Introduction: We are excited to continue our popular Educator Spotlight series, and also to expand it to feature both classroom and office educators who are the heart of Gibbons. In doing so, we offer readers a glimpse of how Gibbons educators care for and engage with students, forming them as men and women of faith, service, and leadership in church and community. We launched the series this year by spotlighting counselor Susan Ellis. Today, we spotlight Latin educator Whitney Crabbe.
Inside room 213 on a recent Wednesday afternoon, Latin educator Whitney Crabbe is using new technology to teach an old language. The result is that her class is engaging, enlightening, and enjoyable.
"One of the things I love about instructional technology is its power to give instant, personalized feedback to students," notes Whitney Crabbe.
After praying in Latin Crabbe, a Gibbons educator for six years, addresses the class.
"Salvete, discipuli," she says.
"Salve, Magistra," students respond.
What follows is a departure from the strict grammar-translation approach of the past. With their laptops open, students delve into a tech-oriented exercise that tests their knowledge of active verbs. It also alerts Crabbe to trouble spots she will review later with her class.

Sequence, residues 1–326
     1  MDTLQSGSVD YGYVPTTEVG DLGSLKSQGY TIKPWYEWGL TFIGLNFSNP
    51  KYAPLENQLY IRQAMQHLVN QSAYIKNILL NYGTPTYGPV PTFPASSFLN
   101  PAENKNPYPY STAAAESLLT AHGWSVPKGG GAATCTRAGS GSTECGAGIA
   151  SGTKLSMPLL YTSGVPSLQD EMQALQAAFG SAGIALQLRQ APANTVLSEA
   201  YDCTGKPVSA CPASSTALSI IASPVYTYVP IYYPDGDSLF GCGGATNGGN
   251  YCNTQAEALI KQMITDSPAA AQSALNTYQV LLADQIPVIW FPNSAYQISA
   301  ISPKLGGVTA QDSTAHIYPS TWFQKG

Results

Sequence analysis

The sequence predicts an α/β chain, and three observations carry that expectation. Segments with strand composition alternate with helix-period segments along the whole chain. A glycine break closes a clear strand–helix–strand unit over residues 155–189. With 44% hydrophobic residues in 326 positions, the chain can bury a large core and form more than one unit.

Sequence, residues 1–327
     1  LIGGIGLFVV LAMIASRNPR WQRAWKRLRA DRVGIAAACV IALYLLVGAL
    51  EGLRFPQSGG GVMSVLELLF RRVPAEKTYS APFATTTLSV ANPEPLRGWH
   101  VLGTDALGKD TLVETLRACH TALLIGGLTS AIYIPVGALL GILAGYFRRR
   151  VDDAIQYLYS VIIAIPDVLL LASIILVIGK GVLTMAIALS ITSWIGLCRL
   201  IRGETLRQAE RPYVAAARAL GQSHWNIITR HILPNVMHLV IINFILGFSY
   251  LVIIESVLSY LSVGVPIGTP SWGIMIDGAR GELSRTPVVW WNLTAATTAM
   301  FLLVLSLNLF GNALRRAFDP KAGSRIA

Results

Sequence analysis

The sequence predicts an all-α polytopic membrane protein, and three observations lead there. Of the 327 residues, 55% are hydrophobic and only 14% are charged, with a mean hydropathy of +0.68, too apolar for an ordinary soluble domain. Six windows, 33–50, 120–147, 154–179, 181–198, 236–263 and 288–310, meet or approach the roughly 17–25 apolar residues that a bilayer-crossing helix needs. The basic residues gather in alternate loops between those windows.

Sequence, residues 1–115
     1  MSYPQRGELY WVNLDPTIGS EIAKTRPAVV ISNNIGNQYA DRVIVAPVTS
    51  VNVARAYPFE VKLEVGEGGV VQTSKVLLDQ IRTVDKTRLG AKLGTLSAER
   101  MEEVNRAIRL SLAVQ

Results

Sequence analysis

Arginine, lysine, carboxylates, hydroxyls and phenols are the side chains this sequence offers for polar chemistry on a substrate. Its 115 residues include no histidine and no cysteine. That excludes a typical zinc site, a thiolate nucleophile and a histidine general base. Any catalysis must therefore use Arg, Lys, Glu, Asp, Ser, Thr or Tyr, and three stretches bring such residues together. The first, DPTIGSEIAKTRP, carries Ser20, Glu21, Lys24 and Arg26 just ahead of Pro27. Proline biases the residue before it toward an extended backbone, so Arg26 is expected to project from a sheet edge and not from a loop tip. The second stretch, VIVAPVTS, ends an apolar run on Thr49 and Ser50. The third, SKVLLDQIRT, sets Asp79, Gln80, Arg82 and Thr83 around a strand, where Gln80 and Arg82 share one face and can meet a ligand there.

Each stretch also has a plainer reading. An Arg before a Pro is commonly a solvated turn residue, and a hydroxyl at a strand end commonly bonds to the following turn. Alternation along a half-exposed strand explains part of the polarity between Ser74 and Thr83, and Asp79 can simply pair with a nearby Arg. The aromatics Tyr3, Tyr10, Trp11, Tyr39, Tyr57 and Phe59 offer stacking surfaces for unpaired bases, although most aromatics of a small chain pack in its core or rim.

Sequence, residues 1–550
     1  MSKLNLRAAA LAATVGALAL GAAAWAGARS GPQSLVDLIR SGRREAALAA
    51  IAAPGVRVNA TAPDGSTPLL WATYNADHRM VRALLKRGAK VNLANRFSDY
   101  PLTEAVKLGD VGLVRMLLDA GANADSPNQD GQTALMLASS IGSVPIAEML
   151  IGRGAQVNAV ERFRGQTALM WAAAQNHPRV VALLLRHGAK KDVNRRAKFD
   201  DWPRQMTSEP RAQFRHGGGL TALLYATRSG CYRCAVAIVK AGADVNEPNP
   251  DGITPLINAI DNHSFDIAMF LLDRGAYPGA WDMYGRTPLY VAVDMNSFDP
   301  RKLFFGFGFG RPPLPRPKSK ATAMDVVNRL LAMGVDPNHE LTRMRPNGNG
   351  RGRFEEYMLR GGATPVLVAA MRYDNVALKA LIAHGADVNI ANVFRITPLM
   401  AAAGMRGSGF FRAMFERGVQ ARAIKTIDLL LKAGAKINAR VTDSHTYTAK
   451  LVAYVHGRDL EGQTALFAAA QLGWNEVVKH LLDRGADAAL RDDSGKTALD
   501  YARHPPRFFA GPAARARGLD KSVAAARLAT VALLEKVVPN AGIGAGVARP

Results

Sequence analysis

Meanwhile, Crabbe, whose warm smile is a constant, circulates the room, stopping for one-on-one discussions with students. "I'm a little confused," one student announces. Before he finishes that statement, it seems, Crabbe is at his side.
She also encourages students with comments like "stay focused, and you will get it."
Next, students complete an online verb synopsis. Once done, they put away their laptops.
"One of the things I love about instructional technology is its power to give instant, personalized feedback to students," notes Crabbe.
Crabbe's class also hints at Roman history and literature, with the Trojan War a hot topic this day. Enter Aeneas, a stuffed alligator, named for the mythical hero of Troy who fled the city and after wandering places in the Mediterranean Sea founded what would become Rome.
Aeneas (the toy) travels around the classroom. Initially, Crabbe tosses it to the student she wants to answer her first query. The tag-your-it format continues from student to student until the last question is asked and answered.
In between, students ask, "when will we study the Aeneid?"
“At some point," Crabbe responds. Her answer, loosely translated, means when they are juniors since that is a lesson reserved for third-year Latin students.
Through Latin students not only broaden their imagination; they also gain a greater understanding of English grammar and vocabulary. Again, out come the laptops, which students use to play the live quiz learning game Gimkit, reinforcing the day’s lesson on verbs.
Before you know it, the bell rings, signaling the end of class. In other words, tempus fugit.